Money-market indicators signaled the ability of banks to borrow and lend short-term funds stabilized as the gap between the London interbank offered rate and the Federal funds rate was unchanged.
The three-month London interbank offered rate, or Libor, which represents the rate at which banks say it would cost to borrow from another, was 0.46685 percent, unchanged, according to the British Bankers’ Association.
The Libor-OIS spread, a gauge of banks’ reluctance to lend, was unchanged at 30.8 basis points. The gap is at the lowest since October. Overnight index swaps, or OIS, give traders predictions on where the Federal Reserve’s effective funds rate will average for the term of the swap. The central bank’s target rate is set in a range of zero to 0.25 percent.
Predictions in the forward market for Libor-OIS, known as the FRA/OIS spread, widened to 42.3 basis points from 41.9 basis points yesterday, according to the second rolling three-month contract period.
The difference between the two-year swap rate and the comparable-maturity Treasury note yield, known as the swap spread, widened 0.4 basis points to 36.63 basis points. The gap is a gauge of investors’ perceptions of U.S. banking sector credit risk as swap rates are derived from expectations for dollar Libor. Swap rates serve as benchmarks for investors in many types of debt, including mortgage-backed and auto-loan securities.
The cost for European banks to convert euro-denominated payment streams into dollars-based funding via the cross currency swaps market narrowed. The three-month cross-currency basis swap was 49.3 basis points below Euribor, compared to 51.2 basis points below yesterday.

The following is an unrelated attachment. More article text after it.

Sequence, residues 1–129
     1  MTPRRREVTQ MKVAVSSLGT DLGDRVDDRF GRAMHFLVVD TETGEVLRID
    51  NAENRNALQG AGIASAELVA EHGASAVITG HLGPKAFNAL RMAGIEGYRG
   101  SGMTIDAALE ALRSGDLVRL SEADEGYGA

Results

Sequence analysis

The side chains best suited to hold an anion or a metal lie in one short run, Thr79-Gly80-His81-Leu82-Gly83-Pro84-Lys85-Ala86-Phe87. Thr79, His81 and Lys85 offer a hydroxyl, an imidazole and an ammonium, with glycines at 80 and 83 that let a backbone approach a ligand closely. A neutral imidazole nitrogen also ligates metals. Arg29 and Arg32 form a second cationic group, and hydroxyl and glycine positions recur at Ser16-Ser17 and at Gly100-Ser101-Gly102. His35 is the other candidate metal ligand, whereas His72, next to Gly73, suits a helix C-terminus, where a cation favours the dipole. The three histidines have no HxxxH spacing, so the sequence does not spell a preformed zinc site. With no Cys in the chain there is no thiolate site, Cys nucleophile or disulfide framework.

The Euribor-OIS spread, the difference between the euro interbank offered rate and overnight indexed swaps, narrowed. The measure of banks’ reluctance to lend to one another was 38 basis points, compared with 38.5 basis points yesterday.
The seasonally adjusted amount of U.S. commercial paper surged $26.4 billion to $966.4 billion outstanding in the week ended May 9, according to Fed data. During the two-week period ended May 9, the market has expanded $40.5 billion, the biggest increase since $40.8 billion for the comparable period ended May 25, 2011, according to Fed data compiled by Bloomberg.
The price on one-year cross-currency basis swaps between yen and U.S. dollars was negative 35.8 basis points, compared with negative 34.8 basis points yesterday. A negative swap price indicates investors are willing to receive reduced interest payments on the yen they lend in order to obtain the needed financing in dollars.
Foreign-exchange swaps are typically for periods of less than a year, while cross-currency basis swaps usually range from one to 30 years. The latter are agreements in which a person borrows in one currency and simultaneously lends in a different currency. The trade involves the exchange of two different floating-rate payments, each denominated in a different currency and based on a different index.
To contact the reporter on this story: Liz Capo McCormick in New York at Emccormick7@bloomberg.net
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